Tropentag, September 15 - 17, 2021, hybrid conference
"Towards shifting paradigms in agriculture for a healthy and sustainable future"
Modelling On-Farm Above-Ground Woody Biomass Production for Smallholder Agroforestry Systems in Semi-Arid Tanzania
Johannes Michael Hafner1,4, Götz Uckert1, Jonathan Steinke2,1, Harry Hoffmann3, Stefan Sieber1, Anthony Kimaro4
1Leibniz Centre for Agric. Landscape Res. (ZALF), Sustainable Land Use in Developing Countries (SusLAND), Germany
2Humboldt-Universität zu Berlin, Thaer-Institute of Agricultural and Horticultural Sciences, Germany
4World Agroforestry (ICRAF), Tanzania Country Programme, Tanzania
Fuelwood is the main source of cooking energy in rural Tanzania; the dependency on fuelwood from off-farm sites is high. Ongoing forest degradation and deforestation negatively affects women and children who are mainly responsible for collecting fuelwood in rural areas.
On-farm produced fuel can reduce or off-set households’ need for off-farm fuel without compromising food production at the same time. In semi-arid Tanzania, on-farm above-ground woody biomass production (AGB) of Gliricidia sepium (G. sepium) and pigeon pea have not been quantified yet. Our aim was to enable farmers to estimate their on-farm fuel production based on dendrometric variables such as root collar diameter assessed 20cm above the collar (RCD20) and stem height in order to optimise their farm production plans. Using a destructive sampling approach, we assessed 112 G. sepium and 80 pigeon pea plants with an age of less than 12 months. We fitted arithmetic (non-linear) and log-transformed (linear) models to estimate AGB from the legumes G. sepium and pigeon pea intercropped with maize.
Log-transformed linear models met the assumptions of linear regression using the ordinary least square (OLS) estimator. Findings suggest that RCD20 is the most efficient predictor for AGB production for G. sepium and pigeon pea in semi-arid Tanzania. While stem height alone was not a good predictor to estimate ABG fuel biomass production of G. sepium (R2 = 40.6%) and pigeon pea (R2 = 83.2%), RCD20 as a single predictor explained 89.6% (R2) of the variation of AGB production of G. sepium and 91.4% (R2) of pigeon pea. A combination of RCD20 and stem height to predict AGB production was neglected due to multicollinearity of the variables and due to the fact that additional effort is required to assess both RCD20 and stem height.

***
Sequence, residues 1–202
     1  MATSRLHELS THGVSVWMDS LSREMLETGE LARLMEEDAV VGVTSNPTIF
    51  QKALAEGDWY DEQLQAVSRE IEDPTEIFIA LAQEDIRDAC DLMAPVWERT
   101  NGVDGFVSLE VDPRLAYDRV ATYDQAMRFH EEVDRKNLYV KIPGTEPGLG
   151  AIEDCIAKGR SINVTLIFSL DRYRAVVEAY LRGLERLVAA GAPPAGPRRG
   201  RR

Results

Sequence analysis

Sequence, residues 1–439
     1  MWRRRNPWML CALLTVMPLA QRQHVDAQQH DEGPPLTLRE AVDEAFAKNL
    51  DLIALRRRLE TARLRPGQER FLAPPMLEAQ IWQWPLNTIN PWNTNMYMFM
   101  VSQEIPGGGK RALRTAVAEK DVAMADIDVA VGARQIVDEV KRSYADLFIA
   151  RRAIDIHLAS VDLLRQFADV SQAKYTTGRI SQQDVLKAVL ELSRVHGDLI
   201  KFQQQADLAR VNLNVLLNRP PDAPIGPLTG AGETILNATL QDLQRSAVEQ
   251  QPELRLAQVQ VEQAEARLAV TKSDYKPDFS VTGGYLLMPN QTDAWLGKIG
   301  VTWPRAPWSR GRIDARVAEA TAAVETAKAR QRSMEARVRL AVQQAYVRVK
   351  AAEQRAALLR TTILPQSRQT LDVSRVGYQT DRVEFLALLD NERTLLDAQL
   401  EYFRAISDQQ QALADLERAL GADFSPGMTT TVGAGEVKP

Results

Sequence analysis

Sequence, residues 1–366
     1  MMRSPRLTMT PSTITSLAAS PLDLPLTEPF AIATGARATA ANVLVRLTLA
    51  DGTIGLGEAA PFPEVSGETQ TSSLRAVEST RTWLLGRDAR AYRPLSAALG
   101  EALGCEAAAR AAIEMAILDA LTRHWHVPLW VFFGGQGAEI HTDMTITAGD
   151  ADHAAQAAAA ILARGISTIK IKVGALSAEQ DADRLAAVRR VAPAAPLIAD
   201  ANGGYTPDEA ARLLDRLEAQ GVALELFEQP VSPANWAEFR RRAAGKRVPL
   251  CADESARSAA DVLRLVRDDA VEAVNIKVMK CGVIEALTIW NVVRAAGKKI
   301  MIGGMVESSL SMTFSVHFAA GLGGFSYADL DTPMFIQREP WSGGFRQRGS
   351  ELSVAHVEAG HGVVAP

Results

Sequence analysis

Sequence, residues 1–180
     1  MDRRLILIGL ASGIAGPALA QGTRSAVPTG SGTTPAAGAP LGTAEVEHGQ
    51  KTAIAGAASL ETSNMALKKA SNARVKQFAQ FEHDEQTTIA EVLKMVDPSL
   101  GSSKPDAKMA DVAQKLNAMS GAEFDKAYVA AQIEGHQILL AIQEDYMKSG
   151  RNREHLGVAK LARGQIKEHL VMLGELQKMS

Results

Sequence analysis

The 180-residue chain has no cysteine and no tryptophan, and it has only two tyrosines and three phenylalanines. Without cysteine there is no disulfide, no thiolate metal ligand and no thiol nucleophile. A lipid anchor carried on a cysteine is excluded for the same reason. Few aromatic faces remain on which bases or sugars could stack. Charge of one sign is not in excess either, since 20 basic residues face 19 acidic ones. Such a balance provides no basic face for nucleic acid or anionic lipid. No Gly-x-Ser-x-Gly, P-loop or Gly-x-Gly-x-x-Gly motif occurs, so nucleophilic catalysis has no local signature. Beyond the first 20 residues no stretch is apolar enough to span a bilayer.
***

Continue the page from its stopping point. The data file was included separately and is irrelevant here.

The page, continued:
Using the developed models, smallholder farmers can estimate there on-farm AGB by assessing dendrometric indicators such as RCD20 (and stem height) of G. sepium and pigeon pea. On-farm fuel production reduces households’ dependency on external fuelwood which might have major socio-economic knock-on effects on rural livelihoods especially with regard to food security.
Keywords: Agroforestry, Allometric modelling, Gliricidia sepium, Intercropping, on-farm fuel production, Pigeon pea, Semi-arid Tanzania
Contact Address: Johannes Michael Hafner, Leibniz Centre for Agric. Landscape Res. (ZALF), Sustainable Land Use in Developing Countries (SusLAND), Müncheberg, Germany, e-mail: johanneshafnergmx.net